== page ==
Coca-Cola

InfluenceMap Score
C+
Performance Band
70%
Organisation Score
55%
Relationship Score
Sector:
Consumer Staples
Head​quarters:
Atlanta, United States
Brands and Associated Companies:
Monster Beverage, Dasani, Minute Maid, Coke
Official Web Site:
Wikipedia:

Climate Lobbying Overview: Coca-Cola demonstrates positive engagement with climate change policy in the US and EU, though its activity is mostly limited to top-line support for global climate action without commenting on specific policies in detail. Most recently, Coca-Cola has been unclear on its position on both the Inflation Reduction Act and Build Back Better Act, including disclosing lobbying on Build Back Better’s climate provisions in its federal LDA reports without stating a position. The company has supported GHG emissions reduction targets within the US and Europe.

Top-line Messaging on Climate Policy: Coca-Cola has positive top-line massing on climate policy. On its corporate website, accessed in August 2022, the company stated support for collective action involving the government to combat climate change in the US. In an October 2021 Fast Company article, Coca-Cola was unclear if it supported the Build Back Better Act and its climate provisions. In an April 2021 joint letter with the We Mean Business Coalition, Coca-Cola supported US policy to achieve net-zero emissions by 2050. Furthermore, in a December 2021 Politico op-ed, the President of Coca-Cola Europe Nikos Koumettis strongly supported the EU's Green Deal and 2050 targets. That same op-ed makes the case for a wide range of policies in the EU to respond to climate change. Coca-Cola has also consistently advocated for the Paris Agreement, as evidenced in its 2020 Business & Environmental, Social and Governance report, released April 2021, as well as sign-on letters from September and April 2021.

Engagement with Climate-Related Regulations: Coca-Cola has not disclosed climate policy positions as of August 2022. The company does not appear to have taken a public position on the Inflation Reduction Act, although its Q3 Lobbying Disclosures from 2022 list it engaged on the bill. On its corporate website, it states its advocacy in favor of a US emissions reduction target of 50% by 2030. Similarly, Yahoo News reported in July 2022 that Coca-Cola encouraged the UK to maintain its net-zero target under the change in leadership. The company also supported strong national emissions reductions targets in the US and UK in 2021. Previously, Coca-Cola supported the EU Emissions Trading Scheme in 2015-16 through the Corporate Leaders Group.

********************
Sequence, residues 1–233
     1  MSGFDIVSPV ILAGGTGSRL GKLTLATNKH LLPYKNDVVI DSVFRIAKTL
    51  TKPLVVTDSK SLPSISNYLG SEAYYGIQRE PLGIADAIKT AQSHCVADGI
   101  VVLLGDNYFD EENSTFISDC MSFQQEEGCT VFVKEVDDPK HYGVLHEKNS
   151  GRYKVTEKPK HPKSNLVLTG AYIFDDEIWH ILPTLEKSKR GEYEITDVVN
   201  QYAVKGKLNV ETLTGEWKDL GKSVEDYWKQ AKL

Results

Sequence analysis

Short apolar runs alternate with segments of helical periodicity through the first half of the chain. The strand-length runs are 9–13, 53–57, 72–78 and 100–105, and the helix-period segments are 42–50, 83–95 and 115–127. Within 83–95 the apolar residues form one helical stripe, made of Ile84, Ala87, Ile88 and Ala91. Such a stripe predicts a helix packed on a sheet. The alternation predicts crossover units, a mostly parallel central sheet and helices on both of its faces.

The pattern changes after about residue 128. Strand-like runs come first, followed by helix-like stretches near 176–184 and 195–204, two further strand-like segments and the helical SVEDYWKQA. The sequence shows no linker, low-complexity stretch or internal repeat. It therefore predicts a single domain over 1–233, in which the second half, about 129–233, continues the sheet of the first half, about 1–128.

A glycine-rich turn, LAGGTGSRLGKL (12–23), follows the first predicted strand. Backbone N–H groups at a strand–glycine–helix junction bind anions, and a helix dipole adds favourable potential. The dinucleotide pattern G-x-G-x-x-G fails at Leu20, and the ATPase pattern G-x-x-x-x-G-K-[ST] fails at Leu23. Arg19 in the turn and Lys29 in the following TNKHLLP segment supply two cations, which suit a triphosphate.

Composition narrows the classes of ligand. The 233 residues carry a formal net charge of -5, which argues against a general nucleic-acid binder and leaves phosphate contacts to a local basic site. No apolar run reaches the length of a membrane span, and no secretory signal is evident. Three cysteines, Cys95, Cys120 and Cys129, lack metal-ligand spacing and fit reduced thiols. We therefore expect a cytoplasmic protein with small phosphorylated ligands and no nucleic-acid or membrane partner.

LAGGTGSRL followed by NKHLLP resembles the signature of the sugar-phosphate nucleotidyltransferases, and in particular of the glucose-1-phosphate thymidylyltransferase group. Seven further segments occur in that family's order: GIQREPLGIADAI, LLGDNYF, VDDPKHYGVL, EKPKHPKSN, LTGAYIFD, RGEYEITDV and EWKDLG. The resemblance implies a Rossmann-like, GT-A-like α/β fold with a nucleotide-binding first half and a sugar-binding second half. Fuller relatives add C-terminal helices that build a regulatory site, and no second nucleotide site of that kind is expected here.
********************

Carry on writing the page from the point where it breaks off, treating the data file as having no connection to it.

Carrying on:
Positioning on Energy Transition: In its Q4 2021 Federal Lobbying Disclosure, Coca-Cola reported lobbying on the Build Back Better Act, including several sections with clean energy and transportation provisions, but did not disclose its position. Through various sign-on letters, such as the We Mean Business letter in April 2021, Coca-Cola appears to support the transition to a low-carbon economy. That letter mentions the need for sustainable infrastructure and zero-emissions vehicles and buildings, among other policy measures, to advance decarbonization in the US. Beyond these top-line statements, InfluenceMap was unable to locate evidence of engagement with specific measures or policies related to the energy mix.

Industry Association Governance: In March 2022, Coca-Cola disclosed on its website a list of the trade associations of which it was a member in 2021 with no details of its engagement with certain groups, such as the U.S. Chamber of Commerce. The company has not published an audit of its industry associations. Coca-Cola is a member of several influential associations that frequently obstruct climate policy, including the National Association of Manufacturers and the US Chamber of Commerce. Coca-Cola is also a member of the BusinessRoundtable. In October 2020,Coca-Cola sent a letter urging the Chamber to adopt positive climate policy positions, leveraging the more positive top-line positions of the Business Roundtable as comparison, including a US net-zero target and comprehensive federal regulation on climate.

InfluenceMap collects and assesses evidence of corporate climate policy engagement on a weekly basis, depending on the availability of information from each specific data source (for more information see our methodology). While this analysis flows through to the company’s scores each week, the summary above is updated periodically. This summary was last updated in Q3 2022.

QUERIES
DATA SOURCES
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Strength of Relationship
STRONG
 
 
 
 
 
 
 
WEAK
 
88%
 
88%
 
29%
 
29%
 
52%
 
52%
 
48%
 
48%
 
67%
 
67%
 
29%
 
29%
 
44%
 
44%
 
57%
 
57%
 
71%
 
71%

How to Read our Relationship Score Map

In this section, we depict graphically the relationships the corporation has with trade associations, federations, advocacy groups and other third parties who may be acting on their behalf to influence climate change policy. Each of the columns above represents one relationship the corporation appears to have with such a third party. In these columns, the top, dark section represents the strength of the relationship the corporation has with the influencer. For example if a corporation's senior executive also held a key role in the trade association, we would deem this to be a strong relationship and it would be on the far left of the chart above, with the weaker ones to the right. Click on these grey shaded upper sections for details of these relationships. The middle section contains a link to the organization score details of the influencer concerned, so you can see the details of its climate change policy influence. Click on the middle sections for for details of the trade associations. The lower section contains the organization score of that influencer, the lower the more negatively it is influencing climate policy.